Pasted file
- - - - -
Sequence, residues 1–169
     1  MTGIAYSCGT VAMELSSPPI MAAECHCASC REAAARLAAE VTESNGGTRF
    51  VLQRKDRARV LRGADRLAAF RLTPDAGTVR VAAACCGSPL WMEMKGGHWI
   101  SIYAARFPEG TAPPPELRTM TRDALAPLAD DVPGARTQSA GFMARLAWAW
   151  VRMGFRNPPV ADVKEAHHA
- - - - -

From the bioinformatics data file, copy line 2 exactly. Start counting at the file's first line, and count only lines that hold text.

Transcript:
     1  MTGIAYSCGT VAMELSSPPI MAAECHCASC REAAARLAAE VTESNGGTRF